“As a civil rights attorney I work with victims of discrimination all the time. Corporations like Delta need to respond better,” he said.

Brian Kruse, a spokesman for Delta Airlines, say they’re reviewing the situation.

“Delta does not condone discrimination of any kind,” he told the Detroit Free Press on Tuesday.

The president of the American-Arab Anti-Discrimination Committee, Samer Khalaf, is now calling on Delta to better train their flight attendants.

“We encourage Delta to take immediate steps to rectify this matter and ensure that their agents are better equipped to address instances of harassment,” he said.

The ADC released a video that they say shows part of the incident. A flight attendant is heard saying: “You want to get off the plane? I’m fixing the problem. If you want, we will take you out.”

WATCH video footage of Hider moving seats:

Imam Al-Qazwini resigns amid Islamic Center controversy

(DEARBORN, MI) — Imam Hassan Al-Qazwini resigned from his duties as spiritual leader of the Islamic Center of America (ICA) on Ford Road in Dearborn, Mich. on Friday.

In a speech to the Young Muslim Association, Al-Qazwini called ICA board members “racist” and “selfish,” and called on the packed congregation to urge them to step down.

“For 18 years, I kept my mouth shut,” he said. “I’m not going to take it anymore.”

Al-Qazwini has been the target of anonymous letters that accused him of corruption and adultery, including diverting mosque money for his father’s projects in Iraq.

He has strongly denied all allegations, except admitting that he sent some money to his father’s charitable orphanage in Iraq.

Al-Qazwini, who was born in Iraq, says he was also the victim of racism by Lebanese board members, who wanted to fund projects in Lebanon, according to the Detroit Free Press.

Ron Amen, the chairman of the board, confirmed Qazwini’s resignation.

“The news came as a total shock to the board,” Amen told the Arab American News. “I think it’s a huge mistake. There have been derogatory comments about the Sayed, but I don’t believe resigning is the way to handle the adversary.”

Lebanese-American radio host Afaf Ahmad says she’s being attacked for publishing controversial YouTube videos about ICA issues.

“It’s very said,” she said. “This is how the Arab community reacts to a female journalist is doing her job and telling the truth. Thanks to those who believe in my mission since only brainwashed people are attacking me mostly from fake accounts.”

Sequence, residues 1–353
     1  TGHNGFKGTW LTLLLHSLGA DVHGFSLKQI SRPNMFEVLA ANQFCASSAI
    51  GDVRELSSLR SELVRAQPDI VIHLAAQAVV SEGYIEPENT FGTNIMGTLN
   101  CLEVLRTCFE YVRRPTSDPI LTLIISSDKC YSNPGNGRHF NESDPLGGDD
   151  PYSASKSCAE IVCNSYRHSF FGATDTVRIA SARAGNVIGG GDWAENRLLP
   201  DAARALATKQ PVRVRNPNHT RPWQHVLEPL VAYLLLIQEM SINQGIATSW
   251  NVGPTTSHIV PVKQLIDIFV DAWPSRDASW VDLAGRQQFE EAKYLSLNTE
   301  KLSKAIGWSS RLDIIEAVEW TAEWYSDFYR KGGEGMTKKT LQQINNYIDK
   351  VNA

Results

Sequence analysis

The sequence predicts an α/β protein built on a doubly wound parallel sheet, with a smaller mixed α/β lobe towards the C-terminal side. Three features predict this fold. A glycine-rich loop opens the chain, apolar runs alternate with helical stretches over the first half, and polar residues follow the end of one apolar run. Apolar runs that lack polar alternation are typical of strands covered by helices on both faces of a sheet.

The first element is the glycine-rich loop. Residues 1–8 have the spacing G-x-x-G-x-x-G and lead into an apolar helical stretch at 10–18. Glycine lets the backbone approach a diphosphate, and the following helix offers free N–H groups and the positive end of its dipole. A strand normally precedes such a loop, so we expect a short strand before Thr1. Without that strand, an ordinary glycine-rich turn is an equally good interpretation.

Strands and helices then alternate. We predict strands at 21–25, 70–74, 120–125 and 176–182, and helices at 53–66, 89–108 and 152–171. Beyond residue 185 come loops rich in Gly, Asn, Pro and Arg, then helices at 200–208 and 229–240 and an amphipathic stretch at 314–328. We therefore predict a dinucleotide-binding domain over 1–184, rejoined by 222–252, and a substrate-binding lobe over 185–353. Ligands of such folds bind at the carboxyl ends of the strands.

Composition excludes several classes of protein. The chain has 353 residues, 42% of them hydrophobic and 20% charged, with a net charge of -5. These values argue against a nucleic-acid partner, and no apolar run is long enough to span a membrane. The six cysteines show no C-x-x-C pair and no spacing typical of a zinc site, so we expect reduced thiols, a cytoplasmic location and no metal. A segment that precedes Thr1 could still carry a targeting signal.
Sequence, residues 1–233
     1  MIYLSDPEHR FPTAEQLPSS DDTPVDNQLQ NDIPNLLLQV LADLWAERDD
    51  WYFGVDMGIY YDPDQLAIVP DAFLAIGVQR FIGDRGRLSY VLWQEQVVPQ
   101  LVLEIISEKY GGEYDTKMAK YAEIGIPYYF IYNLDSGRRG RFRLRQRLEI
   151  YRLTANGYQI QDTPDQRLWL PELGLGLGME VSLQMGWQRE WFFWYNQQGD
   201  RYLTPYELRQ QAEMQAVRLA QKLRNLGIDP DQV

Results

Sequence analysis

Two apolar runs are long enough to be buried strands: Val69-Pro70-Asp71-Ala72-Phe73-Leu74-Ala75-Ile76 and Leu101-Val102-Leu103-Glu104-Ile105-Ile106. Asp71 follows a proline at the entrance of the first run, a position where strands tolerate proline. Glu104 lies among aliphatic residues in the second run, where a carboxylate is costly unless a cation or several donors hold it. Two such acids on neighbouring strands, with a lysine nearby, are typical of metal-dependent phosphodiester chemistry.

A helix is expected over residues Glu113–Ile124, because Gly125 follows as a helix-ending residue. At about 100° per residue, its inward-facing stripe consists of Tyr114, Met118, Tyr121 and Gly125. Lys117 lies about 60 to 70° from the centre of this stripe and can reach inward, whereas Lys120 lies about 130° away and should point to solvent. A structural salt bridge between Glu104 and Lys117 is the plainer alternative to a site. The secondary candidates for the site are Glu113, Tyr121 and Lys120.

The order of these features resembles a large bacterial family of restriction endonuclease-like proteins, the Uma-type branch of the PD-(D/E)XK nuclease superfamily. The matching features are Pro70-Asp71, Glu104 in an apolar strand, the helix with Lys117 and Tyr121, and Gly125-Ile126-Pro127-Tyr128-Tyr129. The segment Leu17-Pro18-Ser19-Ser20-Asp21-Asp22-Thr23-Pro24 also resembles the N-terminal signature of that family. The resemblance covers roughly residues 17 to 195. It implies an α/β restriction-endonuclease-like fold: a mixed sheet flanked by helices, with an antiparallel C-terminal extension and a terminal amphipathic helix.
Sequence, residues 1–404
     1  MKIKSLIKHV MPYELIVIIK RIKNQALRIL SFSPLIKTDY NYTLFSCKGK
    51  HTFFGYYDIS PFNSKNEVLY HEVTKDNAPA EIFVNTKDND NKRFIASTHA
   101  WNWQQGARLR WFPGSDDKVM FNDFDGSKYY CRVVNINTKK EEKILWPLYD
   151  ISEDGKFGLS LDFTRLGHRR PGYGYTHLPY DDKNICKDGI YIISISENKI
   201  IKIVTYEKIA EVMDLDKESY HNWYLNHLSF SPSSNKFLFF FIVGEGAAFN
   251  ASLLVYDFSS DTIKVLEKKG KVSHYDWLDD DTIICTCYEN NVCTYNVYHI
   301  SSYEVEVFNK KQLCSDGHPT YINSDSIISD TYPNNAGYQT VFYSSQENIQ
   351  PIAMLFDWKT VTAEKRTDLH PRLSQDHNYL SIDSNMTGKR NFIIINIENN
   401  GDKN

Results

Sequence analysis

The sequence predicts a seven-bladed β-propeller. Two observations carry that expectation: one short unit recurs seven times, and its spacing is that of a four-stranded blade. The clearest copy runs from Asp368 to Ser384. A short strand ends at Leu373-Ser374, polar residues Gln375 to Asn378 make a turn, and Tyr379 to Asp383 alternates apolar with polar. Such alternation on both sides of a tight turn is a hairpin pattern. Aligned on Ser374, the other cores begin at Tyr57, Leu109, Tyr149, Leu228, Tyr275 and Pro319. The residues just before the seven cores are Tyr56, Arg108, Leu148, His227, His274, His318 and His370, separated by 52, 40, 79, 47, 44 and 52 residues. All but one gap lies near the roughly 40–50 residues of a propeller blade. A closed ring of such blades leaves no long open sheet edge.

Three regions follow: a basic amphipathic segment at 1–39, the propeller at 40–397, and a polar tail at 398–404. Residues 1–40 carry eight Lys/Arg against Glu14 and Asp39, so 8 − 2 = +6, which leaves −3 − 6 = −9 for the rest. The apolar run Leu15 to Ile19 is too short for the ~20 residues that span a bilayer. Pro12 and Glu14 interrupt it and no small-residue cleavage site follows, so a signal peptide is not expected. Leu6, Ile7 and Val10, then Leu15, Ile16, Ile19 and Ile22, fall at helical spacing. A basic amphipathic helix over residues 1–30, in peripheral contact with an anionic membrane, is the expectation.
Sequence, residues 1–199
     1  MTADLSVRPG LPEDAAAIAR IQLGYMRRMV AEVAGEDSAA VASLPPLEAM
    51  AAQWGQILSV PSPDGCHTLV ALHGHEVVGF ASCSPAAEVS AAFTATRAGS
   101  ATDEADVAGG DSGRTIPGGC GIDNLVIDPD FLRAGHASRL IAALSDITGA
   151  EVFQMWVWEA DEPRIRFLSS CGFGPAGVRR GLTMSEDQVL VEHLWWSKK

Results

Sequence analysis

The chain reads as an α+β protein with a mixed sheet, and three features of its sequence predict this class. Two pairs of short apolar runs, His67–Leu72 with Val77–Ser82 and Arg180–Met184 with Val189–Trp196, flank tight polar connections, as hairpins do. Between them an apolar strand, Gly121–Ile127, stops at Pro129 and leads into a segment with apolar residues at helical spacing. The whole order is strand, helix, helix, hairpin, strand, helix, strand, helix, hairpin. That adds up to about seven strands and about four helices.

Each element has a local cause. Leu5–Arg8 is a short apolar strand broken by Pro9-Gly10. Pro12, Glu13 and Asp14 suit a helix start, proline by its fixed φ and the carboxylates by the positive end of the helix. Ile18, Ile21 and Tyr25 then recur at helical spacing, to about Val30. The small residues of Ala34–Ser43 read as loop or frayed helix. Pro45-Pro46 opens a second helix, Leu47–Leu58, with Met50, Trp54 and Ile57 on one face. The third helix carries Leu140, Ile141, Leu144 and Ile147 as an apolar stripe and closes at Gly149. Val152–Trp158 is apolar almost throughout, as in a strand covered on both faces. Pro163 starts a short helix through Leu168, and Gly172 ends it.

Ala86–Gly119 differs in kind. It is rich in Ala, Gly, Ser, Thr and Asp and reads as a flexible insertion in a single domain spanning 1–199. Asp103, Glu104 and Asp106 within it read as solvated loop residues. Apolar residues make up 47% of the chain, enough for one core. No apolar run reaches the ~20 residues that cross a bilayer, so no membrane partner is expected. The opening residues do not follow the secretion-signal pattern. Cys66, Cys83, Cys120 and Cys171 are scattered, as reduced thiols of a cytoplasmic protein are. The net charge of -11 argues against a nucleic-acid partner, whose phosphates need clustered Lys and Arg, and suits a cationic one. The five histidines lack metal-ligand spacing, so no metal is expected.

On Twitter, supporters are defending Al-Qazwini with the hashtags #SupportQazwini and #WeSupportQazwini.

“The community I know is better then this,” wrote Danielle Mallad. “Should we not come together instead of dividing apart? Stop the hatred!”

Another Twitter user wrote: “I admire and respect you for your 18 years of loyal service to our community, you will be greatly missed.”

WATCH Imam Hassan Al-Qazwini speak to the Young Muslim Association:

American Foundation for Auxilia elects new president

(WASHINGTON, DC) — The American Foundation for Auxilia recently elected Dolly Gebeily president of the charitable organization, assuming roles and responsibilities from outgoing president Najib Rached.

“I believe it’s time someone new come in and take over with new blood and new ideas,” said Rached. “Dr. Gebeily’s dedication and commitment to the organization will bring a good attitude and trust from the people.”

Gebeily, who has administrative experience in the health care industry, says she is “honored” to have this position.

“I will do my best to continue the work that my predecessor, Mr. Najib Rached, has done for many years,” she said. “We promise to maintain transparency in the donation process and maximize efficiency in channeling the donations to the sponsored children.”

Auxilia says the 2015 Board of Directors are President Dolly Gebeily, Treasurer Fady Chaccour, Secretary Samar Malouf, and Board Members Najib Rached, George Nassar, Joseph Dfouni, and Nada Al Haddad.

The organization is planning to launch a website in the coming weeks, according to Gebeily.

“(Auxilia’s) new interactive website will display its activities, increase the visibility of the organization, and attract volunteers. I am confident that our team will excel in achieving these ambitious goals, and I look forward to working  to continue strengthening AFFA,” she said.

Lebanese director continues film tour in North Carolina

(RALEIGH, NC) — Lebanese director Philippe Aractingi continued his film tour in the United States to promote “Heritages,” an autobiography film narrating the exile of his family across four generations.

Aractingi visited North Carolina State University for a screening hosted by the Moise A. Khayrallah Center for Lebanese Diaspora Studies, according to the university student-run newspaper.

Akram Khater, the Khayrallah Center director, says Aractingi’s film can educate the general public about Lebanese history and the growth of the diaspora.

“So this event that we had tonight was specifically part of our mission to bring this kind of information to the general public and the United States,” Khater told The Technician. “We arranged for him to come here, because we thought it was an important film for the North Carolina State to see.”

Aractingi says Lebanese parents, especially emigrants, should talk to their children about Lebanese history and culture.

“Do not make a cut with our past and where we came from. It is important to give our lives and stories to our children,” he said.

VIEW photos of Aractingi’s visit to North Carolina:

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RELATED: Lebanese film director Philip Aractingi visits NY to promote latest film. Read more.